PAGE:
A remote-sensing satellite has detected one of the largest releases of methane from a single industrial site, an underground coal mine in south-central Russia. The finding is another indication of the scope of the problem of curbing emissions of methane, a potent planet-warming gas.
Thirteen plumes of the gas were observed at the Raspadskya mine, the largest coal mine in Russia, in late January during a single pass of a satellite operated by GHGSat, a commercial emissions-monitoring firm. The total flow rate from all the plumes was estimated at about 87 metric tons (about 95 U.S. tons) an hour.
“This is the biggest source we’ve ever seen,” said Brody Wight, director of energy, landfills and mines at GHGSat, which was formed in 2011 and now has six emissions-sensing satellites. By contrast, the highest rate measured at Aliso Canyon, a natural gas storage facility in Southern California that had a major leak for nearly four months in 2015 and 2016, was about 60 metric tons an hour.
“This is a really big fish,” said Felix Vogel, a research scientist with Environment and Climate Change Canada in Toronto who is not affiliated with GHGSat.
Mr. Wight said it was not known how long the releases continued at this rate at the mine. But several previous satellite passes had detected emissions in the tens of tons an hour. “We’ve seen a pretty steady increase in what’s coming from this site overall,” he said.
Were the flow continuous at 87 metric tons of methane an hour, total yearly emissions would be equivalent to those from five average coal-fired power plants, the company said.
Mr. Wight said that the releases were most likely deliberate, as the Raspadskya mine, like other coal mines, has naturally occurring methane-rich pockets amid the seams of coal. A buildup of methane at the mine in 2010 led to an explosion that killed 66 people.
To reduce methane concentrations, large fans draw air into and through the mine, ventilating the methane into the atmosphere.
Methane has more of an effect on warming than carbon dioxide, the major greenhouse gas emitted by human activities. Over two decades, methane can result in about 80 times the warming of the same amount of carbon dioxide.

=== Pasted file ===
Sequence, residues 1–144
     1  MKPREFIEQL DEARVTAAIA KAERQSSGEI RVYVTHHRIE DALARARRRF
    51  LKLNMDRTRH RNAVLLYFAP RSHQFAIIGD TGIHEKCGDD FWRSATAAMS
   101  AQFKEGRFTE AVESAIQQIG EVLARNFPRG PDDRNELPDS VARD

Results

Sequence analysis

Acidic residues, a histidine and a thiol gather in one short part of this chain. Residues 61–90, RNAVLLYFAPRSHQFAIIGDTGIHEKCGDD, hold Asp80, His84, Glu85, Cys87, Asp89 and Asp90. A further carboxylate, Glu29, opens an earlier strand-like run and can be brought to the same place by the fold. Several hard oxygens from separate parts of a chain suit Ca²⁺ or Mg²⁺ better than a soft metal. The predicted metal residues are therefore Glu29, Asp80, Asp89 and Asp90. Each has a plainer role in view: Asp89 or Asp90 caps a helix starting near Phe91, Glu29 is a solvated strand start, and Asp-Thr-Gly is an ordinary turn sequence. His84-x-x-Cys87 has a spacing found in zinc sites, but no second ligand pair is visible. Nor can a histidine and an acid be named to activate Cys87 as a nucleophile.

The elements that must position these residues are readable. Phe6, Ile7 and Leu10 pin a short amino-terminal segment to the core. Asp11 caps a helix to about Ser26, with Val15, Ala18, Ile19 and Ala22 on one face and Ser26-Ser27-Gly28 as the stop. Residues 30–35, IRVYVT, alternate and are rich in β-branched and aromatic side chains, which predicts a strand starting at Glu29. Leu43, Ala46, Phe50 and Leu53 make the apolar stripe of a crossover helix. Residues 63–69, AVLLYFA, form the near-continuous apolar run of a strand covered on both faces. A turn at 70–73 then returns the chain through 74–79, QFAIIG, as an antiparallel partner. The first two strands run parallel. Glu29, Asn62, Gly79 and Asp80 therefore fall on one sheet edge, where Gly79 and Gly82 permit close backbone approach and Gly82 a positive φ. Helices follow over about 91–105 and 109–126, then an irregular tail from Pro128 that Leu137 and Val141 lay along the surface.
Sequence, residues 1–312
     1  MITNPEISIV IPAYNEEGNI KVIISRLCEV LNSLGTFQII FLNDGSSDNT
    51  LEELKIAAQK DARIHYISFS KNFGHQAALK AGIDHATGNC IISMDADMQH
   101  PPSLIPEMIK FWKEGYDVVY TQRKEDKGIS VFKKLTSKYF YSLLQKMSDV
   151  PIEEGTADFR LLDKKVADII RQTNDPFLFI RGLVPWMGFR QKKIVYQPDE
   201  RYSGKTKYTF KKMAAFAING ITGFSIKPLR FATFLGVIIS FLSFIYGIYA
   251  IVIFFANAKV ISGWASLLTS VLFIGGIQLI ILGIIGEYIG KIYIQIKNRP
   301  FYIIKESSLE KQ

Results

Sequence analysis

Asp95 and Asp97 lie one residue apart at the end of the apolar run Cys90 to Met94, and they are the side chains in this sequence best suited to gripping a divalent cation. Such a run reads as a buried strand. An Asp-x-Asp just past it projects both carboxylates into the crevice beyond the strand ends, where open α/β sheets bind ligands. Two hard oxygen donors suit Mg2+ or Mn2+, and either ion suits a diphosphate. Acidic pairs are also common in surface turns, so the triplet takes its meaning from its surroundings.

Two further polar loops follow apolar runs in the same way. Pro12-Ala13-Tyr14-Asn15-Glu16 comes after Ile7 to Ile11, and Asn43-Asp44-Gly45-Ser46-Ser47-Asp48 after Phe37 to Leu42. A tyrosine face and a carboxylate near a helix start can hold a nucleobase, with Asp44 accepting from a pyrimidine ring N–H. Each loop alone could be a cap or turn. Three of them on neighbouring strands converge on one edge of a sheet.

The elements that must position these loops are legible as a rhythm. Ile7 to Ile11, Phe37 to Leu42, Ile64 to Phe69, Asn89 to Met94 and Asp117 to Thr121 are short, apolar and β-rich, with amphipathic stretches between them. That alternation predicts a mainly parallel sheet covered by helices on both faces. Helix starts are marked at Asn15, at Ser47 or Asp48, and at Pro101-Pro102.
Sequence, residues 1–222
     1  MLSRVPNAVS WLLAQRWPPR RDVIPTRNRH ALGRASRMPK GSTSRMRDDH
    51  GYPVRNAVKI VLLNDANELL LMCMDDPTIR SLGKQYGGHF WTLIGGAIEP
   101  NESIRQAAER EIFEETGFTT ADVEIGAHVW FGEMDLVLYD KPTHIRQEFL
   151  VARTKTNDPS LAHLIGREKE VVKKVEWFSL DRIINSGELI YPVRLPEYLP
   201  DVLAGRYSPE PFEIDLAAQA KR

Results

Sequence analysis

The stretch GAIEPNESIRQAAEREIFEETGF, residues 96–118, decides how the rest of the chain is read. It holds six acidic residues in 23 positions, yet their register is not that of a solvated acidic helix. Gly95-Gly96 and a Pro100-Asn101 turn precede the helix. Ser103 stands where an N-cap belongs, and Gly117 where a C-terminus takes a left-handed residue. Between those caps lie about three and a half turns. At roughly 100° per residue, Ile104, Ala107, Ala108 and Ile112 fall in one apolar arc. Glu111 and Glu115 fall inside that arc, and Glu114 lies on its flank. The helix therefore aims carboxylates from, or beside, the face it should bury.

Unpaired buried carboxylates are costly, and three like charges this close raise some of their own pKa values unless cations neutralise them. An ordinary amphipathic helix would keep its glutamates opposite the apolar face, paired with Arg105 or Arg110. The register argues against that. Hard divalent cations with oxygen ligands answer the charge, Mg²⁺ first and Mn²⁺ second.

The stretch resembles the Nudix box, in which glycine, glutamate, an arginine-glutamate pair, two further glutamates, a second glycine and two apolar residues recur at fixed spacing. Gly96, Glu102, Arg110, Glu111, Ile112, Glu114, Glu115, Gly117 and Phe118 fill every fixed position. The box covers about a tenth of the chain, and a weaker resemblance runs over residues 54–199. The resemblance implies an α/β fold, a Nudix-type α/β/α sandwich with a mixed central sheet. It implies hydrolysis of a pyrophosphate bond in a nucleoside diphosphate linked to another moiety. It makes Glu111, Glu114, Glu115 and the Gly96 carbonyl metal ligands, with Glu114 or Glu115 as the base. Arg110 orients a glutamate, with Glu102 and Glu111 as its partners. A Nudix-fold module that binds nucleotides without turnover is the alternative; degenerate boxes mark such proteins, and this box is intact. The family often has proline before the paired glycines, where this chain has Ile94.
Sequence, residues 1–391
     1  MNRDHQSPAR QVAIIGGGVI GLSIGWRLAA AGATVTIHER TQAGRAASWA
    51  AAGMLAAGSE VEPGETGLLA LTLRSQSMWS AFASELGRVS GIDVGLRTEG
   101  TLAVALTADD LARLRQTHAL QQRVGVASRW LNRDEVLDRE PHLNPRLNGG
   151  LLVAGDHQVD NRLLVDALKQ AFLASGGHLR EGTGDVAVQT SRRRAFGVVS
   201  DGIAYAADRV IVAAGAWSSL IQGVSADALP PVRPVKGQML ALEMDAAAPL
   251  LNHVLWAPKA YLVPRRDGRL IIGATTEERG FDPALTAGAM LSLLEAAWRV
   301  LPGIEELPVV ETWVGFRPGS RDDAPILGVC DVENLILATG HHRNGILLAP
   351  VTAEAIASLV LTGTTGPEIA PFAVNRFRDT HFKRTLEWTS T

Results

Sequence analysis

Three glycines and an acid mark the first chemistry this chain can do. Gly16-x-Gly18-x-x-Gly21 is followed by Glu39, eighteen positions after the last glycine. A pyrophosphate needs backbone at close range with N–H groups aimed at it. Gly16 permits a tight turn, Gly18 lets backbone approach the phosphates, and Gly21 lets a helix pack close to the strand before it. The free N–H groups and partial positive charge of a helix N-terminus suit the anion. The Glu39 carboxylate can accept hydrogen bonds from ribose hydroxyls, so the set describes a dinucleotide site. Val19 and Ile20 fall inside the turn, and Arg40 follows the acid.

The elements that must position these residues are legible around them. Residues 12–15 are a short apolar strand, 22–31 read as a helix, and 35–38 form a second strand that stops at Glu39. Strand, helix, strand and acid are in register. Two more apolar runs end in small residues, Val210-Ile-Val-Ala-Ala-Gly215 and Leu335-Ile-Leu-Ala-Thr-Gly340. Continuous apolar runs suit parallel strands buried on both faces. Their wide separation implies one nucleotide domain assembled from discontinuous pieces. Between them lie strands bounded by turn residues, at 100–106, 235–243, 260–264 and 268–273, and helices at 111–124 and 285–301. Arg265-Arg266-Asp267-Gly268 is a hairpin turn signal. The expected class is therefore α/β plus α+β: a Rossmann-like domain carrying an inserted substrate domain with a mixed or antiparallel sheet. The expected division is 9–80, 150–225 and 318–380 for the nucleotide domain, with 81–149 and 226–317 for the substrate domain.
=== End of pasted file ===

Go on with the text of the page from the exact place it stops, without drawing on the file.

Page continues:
Methane emissions are far lower than carbon dioxide emissions, and the molecules break down much more rapidly. But because of methane’s warming potential, reducing intentional or accidental emissions of the gas is seen as a way to more quickly limit global warming this century.
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At the global climate talks in Glasgow last fall, more than 100 countries pledged to cut methane emissions by 30 percent by 2030, although Russia and some other large emitters were not among them.
Until recently, precisely measuring emissions from specific industrial sites like mines, oil and gas production facilities and landfills could only be done using equipment on the ground or in airplanes. That limited the number of sites that could be studied.
While ground and airborne sensing is still conducted, satellites now can easily monitor much bigger areas. Most of these satellites have relatively coarse resolution, however, meaning that while they can detect gas over an area in volumes similar to or greater than that measured at the Russian mine, they cannot narrow the emissions down to specific sites. The GHGSat satellites are among a new generation with much finer resolution.
Dr. Vogel said that with these newer satellites, “We have tools now to allow us to get actionable information.”
“They allow you to really get down to the facility scale, to see specific parts of the facility where emissions are happening,” he said. “You can tell companies where to go to fix something.”
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